I have seen the batch box designs, they look great but a J tube suits my needs better for the moment anyway.

Here is my present cook stove, it works well and can reach 450 + on the top plate but it takes a couple of hours to really get hot (I think due to the casting mass)
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thomas rubino
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Location: latitude 47 N.W. montana zone 6A
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Using the ceramic blanket is called the five minute riser.  That's how long it takes to build one !

To start, I recently discovered that not all CF blanket is created equal.  The cheaper Chinese copy's are very carcinogenic. Same as or worse than fiberglass insulation.  The most readily available safe blanket to buy is "Morgan superwool plus".  Completely safe no hazardous warning label needed.  Of course it costs more...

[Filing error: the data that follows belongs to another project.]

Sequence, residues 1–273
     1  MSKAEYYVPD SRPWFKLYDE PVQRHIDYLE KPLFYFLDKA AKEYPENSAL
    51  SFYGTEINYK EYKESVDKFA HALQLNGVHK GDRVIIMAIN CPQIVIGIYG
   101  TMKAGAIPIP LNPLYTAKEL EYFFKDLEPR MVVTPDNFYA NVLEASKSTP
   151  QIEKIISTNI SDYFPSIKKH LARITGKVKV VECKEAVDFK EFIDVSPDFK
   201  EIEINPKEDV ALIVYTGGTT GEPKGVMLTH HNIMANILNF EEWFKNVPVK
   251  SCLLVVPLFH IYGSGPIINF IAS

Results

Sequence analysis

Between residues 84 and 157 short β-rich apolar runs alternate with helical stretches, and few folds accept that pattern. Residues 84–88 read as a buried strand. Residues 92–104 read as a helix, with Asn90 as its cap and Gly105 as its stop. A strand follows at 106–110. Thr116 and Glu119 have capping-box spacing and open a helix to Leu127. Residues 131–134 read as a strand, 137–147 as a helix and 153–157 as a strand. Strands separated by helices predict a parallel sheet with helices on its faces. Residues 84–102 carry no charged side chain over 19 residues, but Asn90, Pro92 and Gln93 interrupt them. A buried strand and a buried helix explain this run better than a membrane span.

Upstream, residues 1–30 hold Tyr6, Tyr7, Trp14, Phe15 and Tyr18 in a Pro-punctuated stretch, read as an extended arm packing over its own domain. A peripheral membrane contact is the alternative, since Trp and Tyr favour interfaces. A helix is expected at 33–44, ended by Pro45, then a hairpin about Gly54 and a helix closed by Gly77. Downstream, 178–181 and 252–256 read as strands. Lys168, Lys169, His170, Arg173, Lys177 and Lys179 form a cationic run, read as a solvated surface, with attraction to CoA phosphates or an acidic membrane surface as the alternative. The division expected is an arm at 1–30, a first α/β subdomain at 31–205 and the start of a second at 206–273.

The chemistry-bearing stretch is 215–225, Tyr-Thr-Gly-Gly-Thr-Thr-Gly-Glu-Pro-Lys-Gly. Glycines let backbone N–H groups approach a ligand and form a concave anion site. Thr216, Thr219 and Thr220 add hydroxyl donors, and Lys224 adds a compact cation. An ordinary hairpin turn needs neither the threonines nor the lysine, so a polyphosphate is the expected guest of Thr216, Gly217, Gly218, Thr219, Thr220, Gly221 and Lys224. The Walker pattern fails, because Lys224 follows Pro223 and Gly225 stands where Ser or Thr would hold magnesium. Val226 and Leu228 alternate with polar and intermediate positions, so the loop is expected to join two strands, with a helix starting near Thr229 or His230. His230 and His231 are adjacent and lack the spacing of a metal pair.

Here's how it works.  You are wanting to build a 6" rocket.  You will need 8" black stove pipe in the required length for your riser. You will want a piece of   1" thick x 24" wide x 6' long  superwool plus. It is available in 6 lb or 8 lb weight.  6lb has been found to be completely durable.  An appropriate length piece is cut and tightly inserted inside the 8" pipe , a second piece is inserted above to make your required length of riser.  You now have a 6" ID riser that can handle 2300F or more .  The original inventor is still using the very first one over 2 years later ! 

The ceramic boards are not durable enough for use in a feed tube ,  1/2 thickness  split firebrick is being used to form the feed tube and 1" thick CF board is being used for the burn tunnel and start of the riser.
 
Fox James
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That sounds too easy!
I have a good stock of ceramic blanket, although it is 50mm thick, I am pretty sure the stuff I have is as safe as it gets but I will do some revision.
I actually live on a small island just off the coast of France but I can order most stuff ... at a cost!
Anyway thanks for that, I can quite easily change my present riser and see if it speeds things up.
My riseris made up from four 30mm thick sections so a lot of mass, I don’t think that is a bad thing as it will hold heat for a long time but it is slow to get to temperature?